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Punch, or the London Charivari, Volume 159, October 13, 1920   By:

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PUNCH,

OR THE LONDON CHARIVARI.

VOL. 159.

OCTOBER 13, 1920.

CHARIVARIA.

Mr. RIAZANOV, the successor to KAMENEFF, is now residing in Grosvenor Street. Several readers have written to ask us how his name is pronounced. Wrongly, we believe, in nine cases out of ten.

We have been given to understand that that versatile pair, the TWO BOBS, are contemplating a tour of the music halls in the mining district, where they are sure to be given a rousing reception.

According to The Evening News two miners recently played a quoit match for a hundred pounds. In all probability they are now agitating for the two shillings' increase to enable them to have a little side bet.

"We cannot choose how we will be born," says a medical writer. No; some are born poor and others are born into a miner's family.

"Where stands England to day?" we are asked. While travelling in the Tube we have often thought that most of it was standing on our feet.

"With the outgoing of September we face once more the month of October, with its falling leaves and autumn gales," states a writer in a daily paper. This, we understand, is according to precedent.

A Glamorgan collier, summoned for income tax, stated that he earned eleven pounds a week and wanted every penny of it. It is said that he is saving up to buy a strike of his own.

A live frog is reported to have been found in a coal seam at a Monmouthshire colliery. It seems to have been greatly concerned at having missed the previous strike ballot.

With reference to Mr. SPENDER'S interview with Mr. LLOYD GEORGE we regret that no mention is made of the exact date when the PRIME MINISTER will declare the New World open.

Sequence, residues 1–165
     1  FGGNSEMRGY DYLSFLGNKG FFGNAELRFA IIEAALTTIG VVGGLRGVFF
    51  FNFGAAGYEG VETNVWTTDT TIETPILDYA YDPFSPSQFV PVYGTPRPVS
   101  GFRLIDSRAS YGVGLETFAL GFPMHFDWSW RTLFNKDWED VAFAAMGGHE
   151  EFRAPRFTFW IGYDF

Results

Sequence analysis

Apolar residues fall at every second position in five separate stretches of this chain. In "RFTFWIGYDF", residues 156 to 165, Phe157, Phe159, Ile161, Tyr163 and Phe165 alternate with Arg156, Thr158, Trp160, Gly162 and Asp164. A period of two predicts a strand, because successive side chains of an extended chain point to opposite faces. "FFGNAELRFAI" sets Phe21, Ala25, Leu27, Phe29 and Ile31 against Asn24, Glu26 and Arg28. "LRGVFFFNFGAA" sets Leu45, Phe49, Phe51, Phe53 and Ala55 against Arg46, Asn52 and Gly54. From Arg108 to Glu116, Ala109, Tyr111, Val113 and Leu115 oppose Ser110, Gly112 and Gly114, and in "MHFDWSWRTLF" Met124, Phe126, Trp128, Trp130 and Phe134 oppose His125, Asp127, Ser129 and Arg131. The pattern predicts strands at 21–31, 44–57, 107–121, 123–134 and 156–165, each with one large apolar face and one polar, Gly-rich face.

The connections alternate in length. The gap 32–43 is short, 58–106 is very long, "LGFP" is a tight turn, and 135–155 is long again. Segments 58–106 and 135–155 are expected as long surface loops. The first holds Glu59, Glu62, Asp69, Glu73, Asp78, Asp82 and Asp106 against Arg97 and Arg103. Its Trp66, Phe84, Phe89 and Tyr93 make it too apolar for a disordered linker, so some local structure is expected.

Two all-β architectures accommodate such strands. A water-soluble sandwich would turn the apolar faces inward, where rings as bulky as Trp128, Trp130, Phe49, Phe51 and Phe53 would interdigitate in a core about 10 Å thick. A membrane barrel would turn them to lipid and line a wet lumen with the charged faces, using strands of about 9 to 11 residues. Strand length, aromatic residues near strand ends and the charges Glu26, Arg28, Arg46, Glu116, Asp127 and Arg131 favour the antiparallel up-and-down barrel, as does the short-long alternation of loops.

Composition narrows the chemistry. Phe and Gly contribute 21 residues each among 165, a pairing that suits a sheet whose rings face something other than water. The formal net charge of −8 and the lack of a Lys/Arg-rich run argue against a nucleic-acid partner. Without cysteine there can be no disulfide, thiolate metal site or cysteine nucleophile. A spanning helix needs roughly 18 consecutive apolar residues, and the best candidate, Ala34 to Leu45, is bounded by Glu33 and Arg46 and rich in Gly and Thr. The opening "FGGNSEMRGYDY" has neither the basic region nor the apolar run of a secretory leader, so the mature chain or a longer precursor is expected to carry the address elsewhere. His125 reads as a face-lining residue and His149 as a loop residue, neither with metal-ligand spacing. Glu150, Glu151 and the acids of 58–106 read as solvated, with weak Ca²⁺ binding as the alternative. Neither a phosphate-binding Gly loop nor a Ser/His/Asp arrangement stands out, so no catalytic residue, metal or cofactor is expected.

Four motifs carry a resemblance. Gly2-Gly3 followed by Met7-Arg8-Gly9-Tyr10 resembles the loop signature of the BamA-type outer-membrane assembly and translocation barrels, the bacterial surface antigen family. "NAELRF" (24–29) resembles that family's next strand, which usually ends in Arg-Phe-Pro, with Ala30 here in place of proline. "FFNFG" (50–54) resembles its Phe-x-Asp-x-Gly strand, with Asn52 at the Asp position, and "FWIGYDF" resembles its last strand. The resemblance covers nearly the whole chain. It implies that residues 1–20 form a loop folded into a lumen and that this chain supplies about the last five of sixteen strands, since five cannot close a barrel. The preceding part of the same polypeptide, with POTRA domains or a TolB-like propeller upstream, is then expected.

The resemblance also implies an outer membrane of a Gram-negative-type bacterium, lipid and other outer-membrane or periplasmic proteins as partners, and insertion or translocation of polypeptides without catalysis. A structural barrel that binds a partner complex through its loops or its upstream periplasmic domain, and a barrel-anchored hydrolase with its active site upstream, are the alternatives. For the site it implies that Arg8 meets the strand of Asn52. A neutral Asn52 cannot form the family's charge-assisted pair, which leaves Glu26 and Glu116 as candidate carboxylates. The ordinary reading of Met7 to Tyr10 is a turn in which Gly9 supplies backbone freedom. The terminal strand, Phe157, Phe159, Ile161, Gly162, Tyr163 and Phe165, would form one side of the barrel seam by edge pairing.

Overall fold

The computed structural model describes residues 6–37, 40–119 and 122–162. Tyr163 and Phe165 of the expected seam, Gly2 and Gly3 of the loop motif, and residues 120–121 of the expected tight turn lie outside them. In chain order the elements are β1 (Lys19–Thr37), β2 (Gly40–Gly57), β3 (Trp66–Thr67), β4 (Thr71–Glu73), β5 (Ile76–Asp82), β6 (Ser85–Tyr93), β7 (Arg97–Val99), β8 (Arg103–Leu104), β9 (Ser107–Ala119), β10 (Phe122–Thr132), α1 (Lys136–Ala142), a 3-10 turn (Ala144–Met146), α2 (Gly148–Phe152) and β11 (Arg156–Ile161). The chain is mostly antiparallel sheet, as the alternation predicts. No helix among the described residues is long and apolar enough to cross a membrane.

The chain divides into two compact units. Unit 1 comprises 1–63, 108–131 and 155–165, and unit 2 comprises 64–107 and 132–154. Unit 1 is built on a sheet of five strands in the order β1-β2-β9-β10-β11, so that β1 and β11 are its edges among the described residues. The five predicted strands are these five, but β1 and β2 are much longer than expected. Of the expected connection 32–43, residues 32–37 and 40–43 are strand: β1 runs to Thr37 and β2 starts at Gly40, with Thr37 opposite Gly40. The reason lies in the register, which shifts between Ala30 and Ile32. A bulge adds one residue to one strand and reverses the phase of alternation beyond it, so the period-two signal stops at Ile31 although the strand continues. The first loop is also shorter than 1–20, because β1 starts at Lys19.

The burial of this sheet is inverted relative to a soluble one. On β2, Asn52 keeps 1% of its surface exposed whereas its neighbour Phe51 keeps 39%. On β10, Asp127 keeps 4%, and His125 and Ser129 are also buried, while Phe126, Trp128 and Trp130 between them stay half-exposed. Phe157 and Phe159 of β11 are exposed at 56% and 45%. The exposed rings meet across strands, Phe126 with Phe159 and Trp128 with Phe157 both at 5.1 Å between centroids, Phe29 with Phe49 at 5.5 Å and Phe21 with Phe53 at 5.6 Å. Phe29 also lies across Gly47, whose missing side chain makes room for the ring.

Since it has been so well advertised we understand that the banned poster, "The Unknown," is shortly to be renamed "The Very Well Known."

The EX KAISER is reported to have made his will. He has bequeathed his trial to his youngest grandson.

It is proposed to make Poole a first class port, at a cost of £3,750,000. We cannot help thinking that hidden away in some Government office is a man who could do it at treble the cost.

A London firm of pastrycooks have purchased two obsolete tanks from the Disposal Boards. They are said to make excellent utensils for flattening pancakes.

A dainty little invention has just been tried by the Bolshevists, which consists of a method whereby boiling water from the ship's boiler can be pumped on to sailors who do not obey their officers. It is said to be just the thing to keep their minds off the idea of mutiny.

"I have all the qualifications for a post in some Government office," writes an Unemployed Ex Soldier in a contemporary. It is to be hoped that this drawback will be overlooked if his other disqualifications are satisfactory.

Washable hats for boys is one of the new inventions at the Leather and Shoe Trade Exhibition. Small boys are now going about in fear that the next discovery will be a washable neck.

Six bandits entered the Central Café, New York, the other day and took one thousand pounds from the diners. The ease with which they did it suggests that they were mistaken for waiters.

A plumber in Aberdeen is giving lessons to a women's class in knitting. It is said that his treatise on How to Crochet a Burst Bath Pipe is likely to become a standard work.

In taking away a safe containing six thousand pounds from a Fenchurch Street office, burglars broke down a door with a thick glass panel. The profession is of the opinion that the blame for this lies with the firm. They had locked the door.

The Daily Chronicle informs us that a New York couple who were engaged in 1868 have just been married. But surely the wonder is that they were not married long before... Continue reading book >>


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